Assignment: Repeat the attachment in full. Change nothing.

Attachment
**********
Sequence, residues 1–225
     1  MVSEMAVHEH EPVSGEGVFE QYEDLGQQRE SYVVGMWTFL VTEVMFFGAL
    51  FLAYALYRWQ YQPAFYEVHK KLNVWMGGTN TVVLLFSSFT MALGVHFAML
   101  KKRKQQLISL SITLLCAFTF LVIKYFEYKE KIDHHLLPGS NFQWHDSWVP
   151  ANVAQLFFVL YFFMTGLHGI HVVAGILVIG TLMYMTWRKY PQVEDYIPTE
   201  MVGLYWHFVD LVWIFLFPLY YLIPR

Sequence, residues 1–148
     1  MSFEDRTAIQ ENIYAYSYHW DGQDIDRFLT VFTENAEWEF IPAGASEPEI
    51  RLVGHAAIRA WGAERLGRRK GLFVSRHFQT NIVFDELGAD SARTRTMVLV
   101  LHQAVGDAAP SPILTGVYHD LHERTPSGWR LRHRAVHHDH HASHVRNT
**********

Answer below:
Sequence, residues 1–225
     1  MVSEMAVHEH EPVSGEGVFE QYEDLGQQRE SYVVGMWTFL VTEVMFFGAL
    51  FLAYALYRWQ YQPAFYEVHK KLNVWMGGTN TVVLLFSSFT MALGVHFAML
   101  KKRKQQLISL SITLLCAFTF LVIKYFEYKE KIDHHLLPGS NFQWHDSWVP
   151  ANVAQLFFVL YFFMTGLHGI HVVAGILVIG TLMYMTWRKY PQVEDYIPTE
   201  MVGLYWHFVD LVWIFLFPLY YLIPR

Sequence, residues 1–148
     1  MSFEDRTAIQ ENIYAYSYHW DGQDIDRFLT VFTENAEWEF IPAGASEPEI
    51  RLVGHAAIRA WGAERLGRRK GLFVSRHFQT NIVFDELGAD SARTRTMVLV
   101  LHQAVGDAAP SPILTGVYHD LHERTPSGWR LRHRAVHHDH HASHVRNT